VoIP can be a dangerous game

Many businesses are starting to deploy or already have deployed IP PBX's (private branch exchanges) which are the guts of VoIP that route calls to local telephones or allow employees to make external calls.

Companies will either run the IP PBX themselves or even deploy remotely in a data centre (generally for a multisite company) or run a hosted system from a VoIP company.

Unfortunately if these systems aren't deployed carefully it can be easy for 'hackers' to connect to them and make out-going phone calls which can rapidly generate huge bills (they tend to target international premium rate numbers that they control, or just are used to route calls for 3rd parties).

Asterisk is a very commonly used open source IP PBX and in the past, the default SIP configuration allowed open access (this has been closed in newer releases). Many IP PBX's will also have open VoIP/SIP access (i.e. unauthenticated remote access - which allows remote users to dial internal extensions, however without having a sensible dial-plan these users can do outward dialling too).

In some cases the VoIP configurations will only allow secure connections, but the web configuration will have default credentials, so a remote attacker can just go in and create a new VoIP user which they then use to outward dial.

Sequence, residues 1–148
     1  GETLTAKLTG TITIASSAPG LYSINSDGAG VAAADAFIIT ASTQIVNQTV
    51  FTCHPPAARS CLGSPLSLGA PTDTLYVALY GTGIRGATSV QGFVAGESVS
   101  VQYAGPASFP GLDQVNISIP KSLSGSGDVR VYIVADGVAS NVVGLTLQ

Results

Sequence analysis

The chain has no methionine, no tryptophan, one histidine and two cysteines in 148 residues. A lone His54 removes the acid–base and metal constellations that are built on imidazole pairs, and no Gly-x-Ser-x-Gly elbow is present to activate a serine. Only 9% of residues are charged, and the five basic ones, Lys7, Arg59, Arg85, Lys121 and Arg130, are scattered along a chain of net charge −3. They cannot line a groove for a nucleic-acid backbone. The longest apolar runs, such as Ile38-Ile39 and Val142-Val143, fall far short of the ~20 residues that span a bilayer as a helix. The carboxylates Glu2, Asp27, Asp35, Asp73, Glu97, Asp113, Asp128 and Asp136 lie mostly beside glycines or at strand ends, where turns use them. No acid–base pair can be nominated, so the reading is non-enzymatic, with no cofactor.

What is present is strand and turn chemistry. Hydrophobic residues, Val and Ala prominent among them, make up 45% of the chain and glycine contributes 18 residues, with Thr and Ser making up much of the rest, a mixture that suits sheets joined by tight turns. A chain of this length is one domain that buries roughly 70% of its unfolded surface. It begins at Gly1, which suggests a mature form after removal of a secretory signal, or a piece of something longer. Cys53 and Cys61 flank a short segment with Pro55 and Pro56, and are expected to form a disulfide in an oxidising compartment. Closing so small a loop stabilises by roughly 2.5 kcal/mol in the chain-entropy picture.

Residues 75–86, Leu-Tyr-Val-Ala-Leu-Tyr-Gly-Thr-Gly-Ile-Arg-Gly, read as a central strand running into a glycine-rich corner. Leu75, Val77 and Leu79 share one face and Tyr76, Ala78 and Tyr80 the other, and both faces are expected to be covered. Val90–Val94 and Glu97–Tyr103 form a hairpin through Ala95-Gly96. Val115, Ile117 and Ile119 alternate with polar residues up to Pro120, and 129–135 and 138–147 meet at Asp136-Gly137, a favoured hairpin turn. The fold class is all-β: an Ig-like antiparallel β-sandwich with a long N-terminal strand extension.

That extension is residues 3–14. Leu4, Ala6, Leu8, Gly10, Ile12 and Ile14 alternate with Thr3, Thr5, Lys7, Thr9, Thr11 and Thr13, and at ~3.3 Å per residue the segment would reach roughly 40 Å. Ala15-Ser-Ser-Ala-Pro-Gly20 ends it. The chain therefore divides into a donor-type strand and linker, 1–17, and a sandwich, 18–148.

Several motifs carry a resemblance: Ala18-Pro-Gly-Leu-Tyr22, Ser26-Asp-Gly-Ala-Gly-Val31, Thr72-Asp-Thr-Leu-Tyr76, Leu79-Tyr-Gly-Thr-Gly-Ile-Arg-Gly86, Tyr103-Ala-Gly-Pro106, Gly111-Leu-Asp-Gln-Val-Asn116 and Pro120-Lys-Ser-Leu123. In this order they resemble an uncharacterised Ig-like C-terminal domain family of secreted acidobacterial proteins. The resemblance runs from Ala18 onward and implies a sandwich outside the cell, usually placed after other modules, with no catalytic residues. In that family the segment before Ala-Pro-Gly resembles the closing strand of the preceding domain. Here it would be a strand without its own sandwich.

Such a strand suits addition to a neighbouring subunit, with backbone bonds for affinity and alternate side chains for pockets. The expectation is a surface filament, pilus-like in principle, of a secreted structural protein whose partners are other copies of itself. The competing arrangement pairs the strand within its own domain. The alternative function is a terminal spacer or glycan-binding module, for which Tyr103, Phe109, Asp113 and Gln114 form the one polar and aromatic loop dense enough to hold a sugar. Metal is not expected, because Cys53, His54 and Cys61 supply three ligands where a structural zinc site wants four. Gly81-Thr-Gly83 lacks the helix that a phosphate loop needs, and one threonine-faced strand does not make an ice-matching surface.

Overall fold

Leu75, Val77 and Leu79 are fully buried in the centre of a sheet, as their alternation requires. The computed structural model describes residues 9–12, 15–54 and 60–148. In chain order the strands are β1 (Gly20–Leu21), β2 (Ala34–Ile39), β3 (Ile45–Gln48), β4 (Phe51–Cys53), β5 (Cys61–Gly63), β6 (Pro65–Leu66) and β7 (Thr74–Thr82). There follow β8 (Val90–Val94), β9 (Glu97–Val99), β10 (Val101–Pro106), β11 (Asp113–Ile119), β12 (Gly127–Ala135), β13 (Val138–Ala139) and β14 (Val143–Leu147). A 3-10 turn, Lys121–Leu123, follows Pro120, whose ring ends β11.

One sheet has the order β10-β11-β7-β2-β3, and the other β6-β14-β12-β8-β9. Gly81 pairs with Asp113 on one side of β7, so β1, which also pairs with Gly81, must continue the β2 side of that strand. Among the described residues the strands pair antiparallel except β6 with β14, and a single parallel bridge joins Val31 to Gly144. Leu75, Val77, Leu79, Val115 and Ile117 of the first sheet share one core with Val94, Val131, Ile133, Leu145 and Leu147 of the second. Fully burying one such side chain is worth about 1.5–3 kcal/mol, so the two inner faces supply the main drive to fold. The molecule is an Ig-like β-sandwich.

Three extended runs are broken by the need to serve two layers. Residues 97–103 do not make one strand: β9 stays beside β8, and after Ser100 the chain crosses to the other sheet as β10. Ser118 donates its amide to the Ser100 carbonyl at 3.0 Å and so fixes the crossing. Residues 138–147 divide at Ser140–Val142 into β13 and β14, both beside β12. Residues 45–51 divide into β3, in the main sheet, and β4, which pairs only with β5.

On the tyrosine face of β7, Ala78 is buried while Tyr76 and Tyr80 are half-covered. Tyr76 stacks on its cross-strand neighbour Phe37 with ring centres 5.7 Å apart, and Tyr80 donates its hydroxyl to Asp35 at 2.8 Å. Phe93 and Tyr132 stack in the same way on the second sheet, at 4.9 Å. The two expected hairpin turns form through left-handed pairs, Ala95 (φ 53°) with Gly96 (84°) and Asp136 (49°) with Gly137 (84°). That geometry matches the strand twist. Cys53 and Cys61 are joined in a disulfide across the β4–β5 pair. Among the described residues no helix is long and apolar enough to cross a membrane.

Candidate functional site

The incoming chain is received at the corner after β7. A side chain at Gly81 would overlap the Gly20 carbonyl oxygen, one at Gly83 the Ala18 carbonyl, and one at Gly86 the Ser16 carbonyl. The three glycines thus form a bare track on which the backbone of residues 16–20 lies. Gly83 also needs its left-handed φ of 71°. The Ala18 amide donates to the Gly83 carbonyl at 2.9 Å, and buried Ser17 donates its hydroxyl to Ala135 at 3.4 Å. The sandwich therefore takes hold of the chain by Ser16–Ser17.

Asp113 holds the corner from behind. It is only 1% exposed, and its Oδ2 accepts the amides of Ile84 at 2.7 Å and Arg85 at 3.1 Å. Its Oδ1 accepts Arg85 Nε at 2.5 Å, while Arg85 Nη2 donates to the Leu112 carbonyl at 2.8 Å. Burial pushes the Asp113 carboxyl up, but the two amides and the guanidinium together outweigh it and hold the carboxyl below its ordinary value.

A company suffered such an attack over the weekend and was faced with a bill for £12,000+ worth of phone calls.

Though the company was to blame for not securing the web interface, the telephony provider (which could be a normal PSTN provider i.e. someone who provides traditional fixed line services or a VoIP provider) should have provision to check for unusual traffic patterns. So if normally calls are just made to the UK, they should block calls if there's suddenly a large volume to international numbers.

Any company getting a new phone system should check their provider offers such checks or they could be faced with large bills that they'll be liable for.
Post a Comment